Even though you now has a portable reed case (as well as minty fresh breath) you still have need to store, transport, or otherwise protect your chanter and drone reeds from the abuses of modern piping activity and travel. Those band bus rides can be brutal after all. Hell, one day there will be the [...]
An enterprising bagpiper can accumulate a large number of chanter reeds over time. But once you find those choice bits of cane, what do you do with them? Active players will normally have a few good reeds going and need others close at hand. Do you keep them in a cardboard box? Store them in [...]
Moisture to the bagpiper is like DDT to the mosquito. A build up of too much moisture in your instrument means certain death of your reeds and nothing but trouble when trying to achieve a stable sound. The preponderance of products for pipers to address moisture problems alone is a testament to the importance of [...]
The chanter cap has become as ubiquitous a part of the pipe box as a roll of black tape. But moisture left on the reed after playing can have adverse effects while the reed is resting within that cap. Black spots of mold and general decay will shorten the life of any reed. Luckily, the [...]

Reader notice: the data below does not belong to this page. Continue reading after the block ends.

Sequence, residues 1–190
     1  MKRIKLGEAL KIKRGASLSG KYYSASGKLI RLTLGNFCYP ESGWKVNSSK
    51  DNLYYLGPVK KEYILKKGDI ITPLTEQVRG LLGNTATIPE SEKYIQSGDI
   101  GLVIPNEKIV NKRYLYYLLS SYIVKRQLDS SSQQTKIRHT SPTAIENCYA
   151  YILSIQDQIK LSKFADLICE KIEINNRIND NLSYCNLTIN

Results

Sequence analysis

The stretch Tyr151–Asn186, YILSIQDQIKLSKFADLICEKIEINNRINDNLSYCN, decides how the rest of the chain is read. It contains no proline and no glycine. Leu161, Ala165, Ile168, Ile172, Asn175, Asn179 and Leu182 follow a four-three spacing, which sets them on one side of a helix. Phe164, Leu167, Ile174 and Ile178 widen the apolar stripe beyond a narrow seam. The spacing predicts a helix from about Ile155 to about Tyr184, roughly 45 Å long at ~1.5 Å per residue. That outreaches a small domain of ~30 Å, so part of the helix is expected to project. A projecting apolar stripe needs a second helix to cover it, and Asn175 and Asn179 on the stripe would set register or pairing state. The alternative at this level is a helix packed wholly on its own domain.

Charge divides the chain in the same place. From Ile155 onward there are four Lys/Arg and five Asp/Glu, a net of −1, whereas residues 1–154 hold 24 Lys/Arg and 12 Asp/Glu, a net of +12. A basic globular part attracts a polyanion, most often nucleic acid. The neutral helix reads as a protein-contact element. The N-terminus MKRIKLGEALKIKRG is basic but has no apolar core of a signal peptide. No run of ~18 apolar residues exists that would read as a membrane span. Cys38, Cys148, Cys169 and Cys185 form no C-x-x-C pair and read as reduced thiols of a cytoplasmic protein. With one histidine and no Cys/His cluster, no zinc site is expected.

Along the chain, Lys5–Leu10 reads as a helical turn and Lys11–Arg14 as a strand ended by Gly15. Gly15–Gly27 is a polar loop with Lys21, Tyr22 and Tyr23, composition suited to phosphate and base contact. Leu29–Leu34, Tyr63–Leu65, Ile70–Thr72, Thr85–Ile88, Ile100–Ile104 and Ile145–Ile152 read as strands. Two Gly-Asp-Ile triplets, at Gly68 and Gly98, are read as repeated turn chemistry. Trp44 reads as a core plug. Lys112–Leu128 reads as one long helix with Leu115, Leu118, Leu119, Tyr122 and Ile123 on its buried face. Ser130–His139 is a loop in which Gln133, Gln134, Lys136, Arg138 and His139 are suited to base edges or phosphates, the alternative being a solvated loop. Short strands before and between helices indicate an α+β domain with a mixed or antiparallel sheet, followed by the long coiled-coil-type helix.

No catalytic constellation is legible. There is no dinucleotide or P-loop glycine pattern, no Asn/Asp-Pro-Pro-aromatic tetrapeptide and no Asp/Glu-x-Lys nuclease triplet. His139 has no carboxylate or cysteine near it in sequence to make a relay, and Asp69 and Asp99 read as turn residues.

Back in the day, the gooey black bits of “cobbler’s wax” were oftentimes a melted mess in a piper’s maintenance kit awaiting their next turn at a strand of hemp. What is simply globs of pine resin and pitch (otherwise known by the scientific name “soot”), the stuff was crumbly, sticky, and infuriating at the same time but has always been ideal for sticking that first wrap of hemp on your pipe tenons. But what do you do when your chunk of black wax has crumbled to nothing?
Over the years, I have acquired many sets of drone reeds. Right now, I’ve got two combination sets going for solo and band playing that comprise three different makes. It has been an ongoing challenge keeping them packed safe and sound while they are not being played or transported in my pipe case.« go back